Chordates •

Western swamp turtle

(Pseudemydura umbrina)



Adult males do not exceed a length of 155 mm or a weight of 550 g.Females are smaller,not growing beyond 135 mm in carapace length or a weight of 410 g.Hatchlings have a carapace length of 24–29 mm and weigh between 3.2 and 6.6 g.The colour of the western swamp turtle varies dependent on age and the environment where it is found.Typical coloration for hatchlings is grey above with bright cream and black below.The colour of adults varies with differing swamp conditions,and varies from medium yellow-brown in clay swamps to almost black with a maroon tinge in the black coffee-coloured water of sandy swamps.Plastron colour is variable,from yellow to brown or occasionally black;often there are black spots on a yellow background with black edges to the scutes.The legs are short and covered in scale-like scutes and the feet have well-developed claws.The short neck is covered with horny tubercles and on the top of the head is a large single scute.It is the smallest chelid found in Australia.The only other species of freshwater tortoise occurring in the southwest of Western Australia is the narrow-breasted snake-necked turtle (Chelodina M.colliei).It has a neck equal to or longer than its shell,making the two species from south west Western Australia easily identifiable.The first specimen of the western swamp turtle was collected by Ludwig Preiss in 1839 and sent to Vienna Museum.There it was labelled "New Holland" and was named Pseudemydura umbrina 1901 by Seibenrock.No further collection of specimens was recorded until 1953.Glauert in 1954 named these specimens Emydura inspectata,but in 1958,Ernest Williams of Harvard University showed them to be synonyms of P.umbrina,collected by Preiss.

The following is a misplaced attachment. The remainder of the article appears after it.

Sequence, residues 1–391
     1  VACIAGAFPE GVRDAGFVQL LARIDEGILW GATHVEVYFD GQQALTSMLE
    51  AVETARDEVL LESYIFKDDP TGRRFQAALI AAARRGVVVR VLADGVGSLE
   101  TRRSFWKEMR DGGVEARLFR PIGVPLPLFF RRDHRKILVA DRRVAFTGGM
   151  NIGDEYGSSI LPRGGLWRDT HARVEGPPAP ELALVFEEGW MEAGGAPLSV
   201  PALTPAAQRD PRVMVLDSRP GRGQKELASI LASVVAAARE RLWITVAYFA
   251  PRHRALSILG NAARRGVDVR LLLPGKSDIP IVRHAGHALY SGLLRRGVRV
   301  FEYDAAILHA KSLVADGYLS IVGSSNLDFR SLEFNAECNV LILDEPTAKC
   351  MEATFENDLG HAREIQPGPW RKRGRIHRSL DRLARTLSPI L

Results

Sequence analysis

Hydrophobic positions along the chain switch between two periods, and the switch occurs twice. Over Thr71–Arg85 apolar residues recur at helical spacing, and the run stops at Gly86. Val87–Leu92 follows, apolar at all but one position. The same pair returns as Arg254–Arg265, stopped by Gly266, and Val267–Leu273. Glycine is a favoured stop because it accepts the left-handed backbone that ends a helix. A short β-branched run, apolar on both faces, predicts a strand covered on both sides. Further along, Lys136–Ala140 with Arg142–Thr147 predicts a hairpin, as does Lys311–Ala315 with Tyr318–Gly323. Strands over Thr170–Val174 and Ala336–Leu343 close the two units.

Taxonomic tree:

Kingdom: Animalia
Class: Reptilia
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